Los Tigres del Norte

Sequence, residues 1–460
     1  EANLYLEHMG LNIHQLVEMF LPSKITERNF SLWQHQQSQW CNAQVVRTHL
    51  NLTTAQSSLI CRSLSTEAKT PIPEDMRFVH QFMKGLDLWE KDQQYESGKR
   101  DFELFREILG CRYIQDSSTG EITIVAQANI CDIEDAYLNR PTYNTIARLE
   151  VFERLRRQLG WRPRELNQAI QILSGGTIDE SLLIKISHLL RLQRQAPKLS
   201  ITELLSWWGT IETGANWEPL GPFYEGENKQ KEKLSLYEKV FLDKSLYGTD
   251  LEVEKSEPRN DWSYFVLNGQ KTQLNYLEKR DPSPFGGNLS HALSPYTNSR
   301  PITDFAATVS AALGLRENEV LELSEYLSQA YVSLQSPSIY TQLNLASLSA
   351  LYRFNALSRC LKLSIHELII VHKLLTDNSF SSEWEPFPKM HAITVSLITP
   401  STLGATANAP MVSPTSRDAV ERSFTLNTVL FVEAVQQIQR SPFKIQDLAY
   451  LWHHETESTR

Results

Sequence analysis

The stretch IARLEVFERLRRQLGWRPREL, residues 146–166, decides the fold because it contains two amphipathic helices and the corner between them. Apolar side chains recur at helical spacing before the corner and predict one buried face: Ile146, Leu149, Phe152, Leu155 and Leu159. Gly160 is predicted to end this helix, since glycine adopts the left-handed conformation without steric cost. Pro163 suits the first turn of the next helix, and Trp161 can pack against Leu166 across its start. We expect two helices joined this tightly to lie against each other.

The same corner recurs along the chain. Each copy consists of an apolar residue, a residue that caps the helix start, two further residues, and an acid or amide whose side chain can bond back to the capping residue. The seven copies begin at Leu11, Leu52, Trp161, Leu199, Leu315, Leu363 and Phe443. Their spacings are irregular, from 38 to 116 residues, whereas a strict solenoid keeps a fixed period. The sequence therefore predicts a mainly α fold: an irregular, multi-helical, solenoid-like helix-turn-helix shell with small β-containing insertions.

Formed in San Jose, Calif., at the dawn of the 1970s, Los Tigres del Norte -- comprising the Hernandez brothers of Sinaloa and drummer Oscar Lara-- had been playing music together since they were children, but it wasn't until impresario Art Walker heard them in San Jose in the late '60s that they began to take themselves seriously as a band. Walker signed them to his new label Fama Records, and the group began to have limited success, playing throughout San Jose's growing Mexican district and getting some airplay. But the group truly coalesced when bandleader and vocalist Jorge Hernandez heard a singer in Los Angeles perform "Contrabando y Traicion." The dramatic narco-corrido was unlike anything he'd ever heard, and it became the group's break-out single in 1971. "Contrabando y Traicion" told the story of a Bonnie and Clyde-esque drug-running couple with a flair and drama not seen before in narco-corridos, and the hit spun off legions of imitators who invented further adventures for the ruthless fictional heroine, Camelia La Tejana, as well as a slew of songs in a similar vein. Early hits like "La Banda del Carro Rojo" followed up on "Contrabando y Traicion"'s success and cemented the band's place as a corridos powerhouse. Though pioneers of the narco-corrido, the band has never allowed itself to be pigeonholed in that genre, refusing to name real drug traffickers in their songs (unlike many other groups) and shunning the gun-glorifying imagery associated with the genre. Their diverse repertoire includes love songs, songs about the immigrant experience in the U.S., and critical commentaries on Mexican politics. They spearheaded the movement to write songs about the immigrant experience with the 1976 single "Vivan Los Mojados," a still-relevant track that questions what would happen to American agriculture if all the "wetbacks" were sent back to Mexico. "La Jaula de Oro" (The Gold Cage) is widely considered a masterpiece; it deals with the alienation a longtime immigrant can still feel in the United States. In 2000, stars of rock and pop came together to pay homage to the group with an album of covers, El Mas Grande Homenaje A Los Tigres Del Norte, which acknowledged the group's massive contributions to music north and south of the border. After three decades, Los Tigres del Norte have become less a band than an institution, a defining voice for over a generation of Mexicans and Mexican-Americans.